By Roger Cohen
December 29, 2017
In 1919, David Ben-Gurion, who 29 years later would become the founding prime minister of Israel, dismissed the possibility of peace.
Speaking at a public discussion, he said: “Everyone sees the difficulty of relations between Jews and Arabs but not everyone sees that there is no solution to that question. There is no solution. There is an abyss and nothing can fill that abyss ... We want Palestine to be ours as a nation. The Arabs want it to be theirs, as a nation.”
Almost a century on, Ben-Gurion’s prescience, in this statement, is clear. Today, Jerusalem, contested city, is adorned with banners saying: “God Bless Trump. From Jerusalem DC (David’s Capital) to Washington DC.”
President Trump’s rash recognition of Jerusalem as Israel’s capital, its boundaries to be determined, has won him friends in Israel even as it has envenomed the festering Israeli-Palestinian conflict.
One thing is safe to say about 2018: It will not bring peace to the Holy Land. Peace is not built on provocations or ultimate-deal fantasy.
Tom Segev, a prominent Israeli historian who has just completed a biography of Ben-Gurion, told me Israel’s founding father was not much interested in Jerusalem when he first went to Ottoman Palestine in 1906. He was not drawn to “David’s capital,” preferring to stay with the Jewish pioneers in Petah Tikva and elsewhere.
“Jerusalem had too many Orthodox Jews, who were anti-Zionist, and too many Arabs,” Segev said. Ben-Gurion was interested in forging a new Jew: the scrawny scholars of the European shtetl poring over sacred texts would become vigorous tillers of the soil. “Tel Aviv was the capital of Zionism; Jerusalem of Judaism,” Segev suggested.
The Zionist movement accepted United Nations Resolution 181 of 1947, calling for the establishment of two states — one Jewish, one Arab — in Mandate Palestine. It accepted a split that excluded Jerusalem from the nascent Jewish state, with the city as a separate entity to be administered by the United Nations.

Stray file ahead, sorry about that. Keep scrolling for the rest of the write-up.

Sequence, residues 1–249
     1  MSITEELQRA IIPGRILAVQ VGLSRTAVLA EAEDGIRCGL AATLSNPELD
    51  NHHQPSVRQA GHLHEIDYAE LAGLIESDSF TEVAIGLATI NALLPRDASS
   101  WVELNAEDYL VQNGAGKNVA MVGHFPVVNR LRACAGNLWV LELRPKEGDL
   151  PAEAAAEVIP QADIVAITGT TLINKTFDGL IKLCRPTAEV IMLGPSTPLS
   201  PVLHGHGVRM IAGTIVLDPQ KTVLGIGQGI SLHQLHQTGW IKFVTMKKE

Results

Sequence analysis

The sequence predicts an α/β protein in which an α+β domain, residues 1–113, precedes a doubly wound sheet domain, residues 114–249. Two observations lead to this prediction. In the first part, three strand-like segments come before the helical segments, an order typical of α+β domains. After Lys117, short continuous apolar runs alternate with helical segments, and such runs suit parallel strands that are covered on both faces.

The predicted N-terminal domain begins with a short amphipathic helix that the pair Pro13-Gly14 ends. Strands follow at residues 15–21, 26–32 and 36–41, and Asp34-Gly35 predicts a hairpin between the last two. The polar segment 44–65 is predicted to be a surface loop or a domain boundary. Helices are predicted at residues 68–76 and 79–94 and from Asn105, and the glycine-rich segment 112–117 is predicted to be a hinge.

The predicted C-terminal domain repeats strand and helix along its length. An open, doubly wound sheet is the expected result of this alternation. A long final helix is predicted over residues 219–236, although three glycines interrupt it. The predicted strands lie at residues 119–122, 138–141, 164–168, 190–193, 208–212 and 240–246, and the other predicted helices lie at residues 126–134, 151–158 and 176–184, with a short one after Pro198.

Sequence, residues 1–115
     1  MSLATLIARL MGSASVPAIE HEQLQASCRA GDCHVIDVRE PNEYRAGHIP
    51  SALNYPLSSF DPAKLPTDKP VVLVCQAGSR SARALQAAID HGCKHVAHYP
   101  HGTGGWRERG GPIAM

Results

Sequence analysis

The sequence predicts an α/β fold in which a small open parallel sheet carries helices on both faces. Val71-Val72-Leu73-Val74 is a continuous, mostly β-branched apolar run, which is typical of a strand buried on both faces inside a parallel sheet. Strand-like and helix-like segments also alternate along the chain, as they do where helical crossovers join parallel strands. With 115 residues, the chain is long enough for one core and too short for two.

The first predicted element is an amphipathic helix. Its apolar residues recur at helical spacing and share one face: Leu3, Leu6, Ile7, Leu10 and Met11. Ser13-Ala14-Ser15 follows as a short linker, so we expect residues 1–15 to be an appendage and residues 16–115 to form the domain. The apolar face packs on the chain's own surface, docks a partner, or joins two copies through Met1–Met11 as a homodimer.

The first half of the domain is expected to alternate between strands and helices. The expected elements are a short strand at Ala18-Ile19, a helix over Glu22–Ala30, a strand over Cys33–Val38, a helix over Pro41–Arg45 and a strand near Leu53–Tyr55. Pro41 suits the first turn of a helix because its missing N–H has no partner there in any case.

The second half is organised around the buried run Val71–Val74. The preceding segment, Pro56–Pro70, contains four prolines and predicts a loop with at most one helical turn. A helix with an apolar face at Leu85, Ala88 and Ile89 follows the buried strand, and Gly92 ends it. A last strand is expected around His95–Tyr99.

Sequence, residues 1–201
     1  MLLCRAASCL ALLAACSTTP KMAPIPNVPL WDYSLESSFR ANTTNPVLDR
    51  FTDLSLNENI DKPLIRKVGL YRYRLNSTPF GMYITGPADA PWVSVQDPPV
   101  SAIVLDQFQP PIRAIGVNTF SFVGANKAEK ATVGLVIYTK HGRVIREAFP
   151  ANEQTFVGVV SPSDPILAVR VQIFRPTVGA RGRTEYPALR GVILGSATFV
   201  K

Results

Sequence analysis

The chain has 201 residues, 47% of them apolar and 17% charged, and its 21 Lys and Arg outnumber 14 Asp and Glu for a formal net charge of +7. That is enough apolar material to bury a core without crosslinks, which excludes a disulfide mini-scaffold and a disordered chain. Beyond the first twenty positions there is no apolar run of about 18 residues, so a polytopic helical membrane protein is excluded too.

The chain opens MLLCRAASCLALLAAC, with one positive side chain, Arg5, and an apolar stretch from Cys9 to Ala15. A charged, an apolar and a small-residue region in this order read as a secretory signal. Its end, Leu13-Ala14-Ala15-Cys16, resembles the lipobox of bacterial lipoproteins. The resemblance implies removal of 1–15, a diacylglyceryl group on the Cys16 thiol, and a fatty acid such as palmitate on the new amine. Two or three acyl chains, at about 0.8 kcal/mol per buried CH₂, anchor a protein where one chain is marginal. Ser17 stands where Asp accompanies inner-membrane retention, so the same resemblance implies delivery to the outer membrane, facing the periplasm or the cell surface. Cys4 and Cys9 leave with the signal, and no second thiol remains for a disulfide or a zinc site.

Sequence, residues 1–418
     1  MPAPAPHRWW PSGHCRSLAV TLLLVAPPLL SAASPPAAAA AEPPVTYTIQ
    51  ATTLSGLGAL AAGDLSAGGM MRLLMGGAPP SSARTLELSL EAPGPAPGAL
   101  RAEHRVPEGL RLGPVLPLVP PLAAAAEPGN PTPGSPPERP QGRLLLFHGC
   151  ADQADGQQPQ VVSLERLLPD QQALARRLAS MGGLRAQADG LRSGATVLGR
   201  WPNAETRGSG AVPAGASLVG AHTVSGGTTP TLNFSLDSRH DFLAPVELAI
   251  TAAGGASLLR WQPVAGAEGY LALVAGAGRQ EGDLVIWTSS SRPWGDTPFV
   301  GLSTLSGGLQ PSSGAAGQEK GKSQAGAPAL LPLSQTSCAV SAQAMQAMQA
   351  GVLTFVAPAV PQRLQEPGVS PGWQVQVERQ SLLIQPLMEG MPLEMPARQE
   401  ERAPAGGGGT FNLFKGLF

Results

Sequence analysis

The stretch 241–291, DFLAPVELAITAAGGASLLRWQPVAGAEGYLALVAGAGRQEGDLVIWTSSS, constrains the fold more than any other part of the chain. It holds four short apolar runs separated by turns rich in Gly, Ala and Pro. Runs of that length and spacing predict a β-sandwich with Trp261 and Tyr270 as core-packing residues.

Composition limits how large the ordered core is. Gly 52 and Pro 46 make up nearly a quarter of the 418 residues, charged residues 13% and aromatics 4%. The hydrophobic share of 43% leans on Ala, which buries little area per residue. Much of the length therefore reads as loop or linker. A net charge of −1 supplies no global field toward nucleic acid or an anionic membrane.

Arabs, however, rejected Resolution 181, went to war, lost, and under the Armistice Israel took control of West Jerusalem, which became its capital. War erupted again in 1967, Arabs lost again, Israel captured East Jerusalem and declared the whole city reunited as its capital. Settlement of the occupied West Bank began.
This lightning victory in the Six-Day War occurred a half-century ago. Most Israelis were born after it. The pre-1967 lines mean nothing to them. These are the facts. Then comes emotion.
Such a victory could only be God-given. As Segev put it, “That’s when the euphoria starts, lasting until today. Strong nationalism and strong religion begin to coalesce. It was somewhere inside our collective soul.”
By the mid-1970s, Israel stood at the fulcrum of its shift from brave upstart to colonialist power. The messianic push to settle the West Bank (and so the biblical Land of Israel) would shift religious Zionism from a marginal phenomenon to the heart of Israel’s politics. The nation’s culture began its steady journey from a communal to an individualist culture.
Yitzhak Rabin, the secular general who concluded that only territorial compromise with the Palestinians would bring peace, was killed in 1995, not by a Palestinian but by an Israeli religious zealot. Since then Israel has moved steadily right.
Was this inevitable? Could an ethno-religious Jewish state only find itself in eternal conflict, controlling the lives of Palestinians? Segev thinks it was inevitable. “If I were a Palestinian, I would also fight the Jews,” he said. “That was the price of Zionism.” Hence his book’s title: “A State at All Costs.” Was it worth the price? “I am very much aware how high the price was,” he said.
I don’t think it was entirely inevitable. Had Rabin lived, there would have been a chance for peace. Had the cultivation of victimhood not proved a fatal Palestinian temptation, a chance could have existed. And what of the price paid? Put a gun to my head, or rather my heart, and I will say as a Jew that, yes, Israel was worth the price.
The Jews needed a homeland. History proves that. Assimilation never worked; the Holocaust was no more than a culmination. The United Nations, in 1947, backed such a homeland. And if I, as a Jew, have lived a privileged life in the diaspora, it is in part because of the pride and strength that the new Jew of Israel forged. “Never Again” became more than mere words through Israel’s might.
But the Israel hoped for by Ben-Gurion has lost itself, corrupted by overreach. “The situation is very bad in the occupied territories,” Segev said. “There’s a systematic violation of Palestinians’ human rights. Our government is more and more right wing, racist, anti-Arab. If they were members of a government in Austria, we’d recall our ambassador in protest.”
This is the government cheered on by President Trump and an American ambassador, David Friedman, who sounds like the West Bank settlers’ envoy. This is the government leading Israel nowhere. This is my shame.